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Free

Free
adj. fre•er, fre•est
1. Not imprisoned or enslaved; being at liberty.
2. Not controlled by obligation or the will of another.
3. Not affected or restricted by a given condition or circumstance.
4. Unconstrained; unconfined.

Setting: exit to Melbourne Central Station, January 28, 2010.

Spruiker one: Chocolate, free chocolate. Do you want a free chocolate? (holding it out to me with an enticing smile)
Me: Is this a dream?
Spruiker one: (Smiling) No
Me: Okay then, I’ll have some free chocolate please
Spruiker two: (holds out a leaflet)
Me: (holds out hand toward Spruiker one for the sweet chocolate treat)
Spruiker two: Would you like to take a pamphlet?
Me: No thanks
Spruiker one: Take a pamphlet
Me: I don’t want a pamphlet.
Spruiker two: C’mon, we’re almost out
Me: I thought you were giving away free chocolate
Spruiker one: (looking around nervously) We are
Me: Except I have to take a pamphlet to get one
Spruiker two: (looking relieved that I finally got it) Yeah
Me: I don’t want a pamphlet, I just want the chocolate thanks
Spruiker one: (starting to get defensive) Just take a pamphlet. You don’t even have to read it.
Me: (setting down my gym bag on the pavement and settling in for the argument) I don’t want a pamphlet.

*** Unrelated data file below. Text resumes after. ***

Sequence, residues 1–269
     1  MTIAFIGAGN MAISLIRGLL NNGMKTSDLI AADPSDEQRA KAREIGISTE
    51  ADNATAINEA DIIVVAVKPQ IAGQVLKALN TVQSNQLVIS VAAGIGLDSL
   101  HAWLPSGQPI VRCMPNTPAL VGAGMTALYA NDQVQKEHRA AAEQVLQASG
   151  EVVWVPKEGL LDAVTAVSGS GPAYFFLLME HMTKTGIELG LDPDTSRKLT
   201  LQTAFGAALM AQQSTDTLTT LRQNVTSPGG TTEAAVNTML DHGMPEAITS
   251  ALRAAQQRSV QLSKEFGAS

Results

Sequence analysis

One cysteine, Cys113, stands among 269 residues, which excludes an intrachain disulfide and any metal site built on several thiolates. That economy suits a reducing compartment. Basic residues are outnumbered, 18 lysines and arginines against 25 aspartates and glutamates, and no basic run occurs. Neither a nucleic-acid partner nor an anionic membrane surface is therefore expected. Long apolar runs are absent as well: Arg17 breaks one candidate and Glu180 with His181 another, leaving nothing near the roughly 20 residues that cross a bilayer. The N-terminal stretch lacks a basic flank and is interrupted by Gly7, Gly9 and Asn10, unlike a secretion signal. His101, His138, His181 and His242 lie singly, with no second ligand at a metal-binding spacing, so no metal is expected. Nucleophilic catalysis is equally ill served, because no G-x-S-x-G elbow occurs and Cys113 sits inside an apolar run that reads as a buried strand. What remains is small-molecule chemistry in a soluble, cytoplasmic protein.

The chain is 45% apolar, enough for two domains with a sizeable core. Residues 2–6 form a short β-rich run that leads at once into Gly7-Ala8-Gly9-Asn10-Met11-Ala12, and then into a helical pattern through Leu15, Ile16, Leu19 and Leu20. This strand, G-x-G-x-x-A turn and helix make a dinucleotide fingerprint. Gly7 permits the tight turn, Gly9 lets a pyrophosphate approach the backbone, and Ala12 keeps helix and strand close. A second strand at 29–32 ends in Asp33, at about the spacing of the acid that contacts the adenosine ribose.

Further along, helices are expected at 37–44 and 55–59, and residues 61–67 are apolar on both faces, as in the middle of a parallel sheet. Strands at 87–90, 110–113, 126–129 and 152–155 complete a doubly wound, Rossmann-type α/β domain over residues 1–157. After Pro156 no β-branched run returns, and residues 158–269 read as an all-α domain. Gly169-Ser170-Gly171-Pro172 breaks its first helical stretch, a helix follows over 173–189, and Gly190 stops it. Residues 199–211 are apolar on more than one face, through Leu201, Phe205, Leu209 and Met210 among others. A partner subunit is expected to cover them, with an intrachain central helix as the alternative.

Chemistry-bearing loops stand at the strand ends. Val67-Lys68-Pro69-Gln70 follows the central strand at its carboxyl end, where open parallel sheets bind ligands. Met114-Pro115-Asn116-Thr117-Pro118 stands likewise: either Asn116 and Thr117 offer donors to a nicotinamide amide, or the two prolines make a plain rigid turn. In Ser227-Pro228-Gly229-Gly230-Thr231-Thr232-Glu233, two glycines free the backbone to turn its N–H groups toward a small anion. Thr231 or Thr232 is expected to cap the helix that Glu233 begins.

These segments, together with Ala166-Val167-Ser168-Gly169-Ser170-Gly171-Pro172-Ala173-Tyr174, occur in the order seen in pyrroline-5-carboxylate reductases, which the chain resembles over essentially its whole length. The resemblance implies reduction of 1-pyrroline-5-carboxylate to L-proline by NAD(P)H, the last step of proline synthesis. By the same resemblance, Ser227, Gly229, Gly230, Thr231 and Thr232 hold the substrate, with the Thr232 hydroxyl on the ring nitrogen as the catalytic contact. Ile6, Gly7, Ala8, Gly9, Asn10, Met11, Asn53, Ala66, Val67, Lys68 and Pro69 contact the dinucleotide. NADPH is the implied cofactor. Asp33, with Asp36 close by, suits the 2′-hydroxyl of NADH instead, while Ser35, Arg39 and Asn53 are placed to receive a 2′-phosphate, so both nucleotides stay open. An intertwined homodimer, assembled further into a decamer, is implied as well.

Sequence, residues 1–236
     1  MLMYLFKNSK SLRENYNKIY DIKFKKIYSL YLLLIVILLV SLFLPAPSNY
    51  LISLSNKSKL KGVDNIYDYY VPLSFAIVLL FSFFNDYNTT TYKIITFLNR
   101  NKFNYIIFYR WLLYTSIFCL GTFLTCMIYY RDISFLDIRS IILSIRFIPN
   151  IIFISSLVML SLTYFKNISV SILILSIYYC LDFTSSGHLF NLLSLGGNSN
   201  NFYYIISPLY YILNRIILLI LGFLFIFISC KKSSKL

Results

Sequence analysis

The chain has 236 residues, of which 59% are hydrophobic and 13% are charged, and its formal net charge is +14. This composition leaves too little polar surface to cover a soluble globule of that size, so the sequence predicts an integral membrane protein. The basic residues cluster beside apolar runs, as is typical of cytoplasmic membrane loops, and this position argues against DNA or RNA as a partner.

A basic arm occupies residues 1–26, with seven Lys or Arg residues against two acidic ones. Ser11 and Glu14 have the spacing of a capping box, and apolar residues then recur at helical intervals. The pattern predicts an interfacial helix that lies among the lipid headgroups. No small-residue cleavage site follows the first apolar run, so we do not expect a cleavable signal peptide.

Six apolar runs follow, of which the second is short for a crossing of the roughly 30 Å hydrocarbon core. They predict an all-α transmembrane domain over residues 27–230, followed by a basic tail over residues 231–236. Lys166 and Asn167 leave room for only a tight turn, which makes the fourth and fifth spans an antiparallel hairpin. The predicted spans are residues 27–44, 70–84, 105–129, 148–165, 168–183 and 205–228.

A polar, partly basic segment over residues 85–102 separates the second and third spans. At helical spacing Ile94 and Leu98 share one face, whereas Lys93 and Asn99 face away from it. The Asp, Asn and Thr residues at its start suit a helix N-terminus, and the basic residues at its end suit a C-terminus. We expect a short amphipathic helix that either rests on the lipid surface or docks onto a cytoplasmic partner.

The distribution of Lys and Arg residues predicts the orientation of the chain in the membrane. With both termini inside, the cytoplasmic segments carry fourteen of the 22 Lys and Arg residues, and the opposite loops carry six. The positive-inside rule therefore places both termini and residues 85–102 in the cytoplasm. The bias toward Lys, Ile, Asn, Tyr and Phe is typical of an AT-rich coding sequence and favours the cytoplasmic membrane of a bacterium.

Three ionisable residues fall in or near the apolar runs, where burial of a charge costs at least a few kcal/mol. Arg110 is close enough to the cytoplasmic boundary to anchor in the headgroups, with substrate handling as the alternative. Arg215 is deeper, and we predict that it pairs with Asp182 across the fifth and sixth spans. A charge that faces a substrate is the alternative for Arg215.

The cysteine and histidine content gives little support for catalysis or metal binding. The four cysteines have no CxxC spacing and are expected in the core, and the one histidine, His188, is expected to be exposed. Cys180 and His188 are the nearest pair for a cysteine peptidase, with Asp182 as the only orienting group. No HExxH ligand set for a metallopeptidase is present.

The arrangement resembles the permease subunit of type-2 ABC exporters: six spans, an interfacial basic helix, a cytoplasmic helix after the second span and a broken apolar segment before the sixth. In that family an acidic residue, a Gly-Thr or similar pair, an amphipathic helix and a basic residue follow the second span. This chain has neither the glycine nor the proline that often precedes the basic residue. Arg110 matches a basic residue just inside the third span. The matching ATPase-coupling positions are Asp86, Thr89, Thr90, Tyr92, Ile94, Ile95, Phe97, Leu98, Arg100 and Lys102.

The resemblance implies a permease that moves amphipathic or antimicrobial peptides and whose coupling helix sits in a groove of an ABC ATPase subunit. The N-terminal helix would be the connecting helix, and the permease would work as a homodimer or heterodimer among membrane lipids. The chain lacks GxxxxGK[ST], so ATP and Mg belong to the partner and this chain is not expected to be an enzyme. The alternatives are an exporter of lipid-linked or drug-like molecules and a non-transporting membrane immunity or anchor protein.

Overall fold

Spruiker one: How do you know, you haven’t even looked at one
Me: I don’t have to look – I don’t like pamphlets.
Spruiker two: (irritated) Whatever.
Me: Sorry, you said you were giving away free chocolate. Now you’re telling me I only get a chocolate if I take one of those pamphlets.
Spruiker one: So?
Me: Well, it’s just that that’s not actually free, is it?
Spruiker two: It is free. You don’t have to pay for it.
Me: Well, no, that’s not free actually: it’s conditional. I have to do something you want me to do before I get a chocolate
Spruiker one: Are you serious? If you want a chocolate, just take a pamphlet. Otherwise go away.
Me: I don’t want a pamphlet. I want free chocolate. You just made my day by standing there yelling out that there was free chocolate available, and now I find out it was all a ploy to get me to take some kind of propaganda I don’t even want or need.
Spruiker one & two: (look at me, perplexed).
Me: Are you familiar at all with the Trade Practices Act?
Spruiker one: What are you talking about?
Me: Are you familiar with the dictionary?

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Maxine Beneba Clarke is an Australian author and slam poet of Afro- Caribbean descent. Her short fiction collection Foreign Soil won the 2015 ABIA Award for Best Literary Fiction and the 2015 Indie Award for Best Debut Fiction, and was shortlisted for the Stella Prize. Her memoir, The Hate Race, her poetry collection Carrying the World, and her first children’s book, The Patchwork Bike, will be published by Hachette in late 2016.

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Comments

  1. A great uncle gave me this advice, “If someone who don’t know you or like you is trying to give you a free cookie, it’s probably a shit cookie.”

    That same great uncle raised a bobcat and still makes moonshine.

  2. Well handled! I get thoroughly sick of people thrusting things in my face at stations and on the streets. Despite what they say, there’s always a condition … nothing is free.

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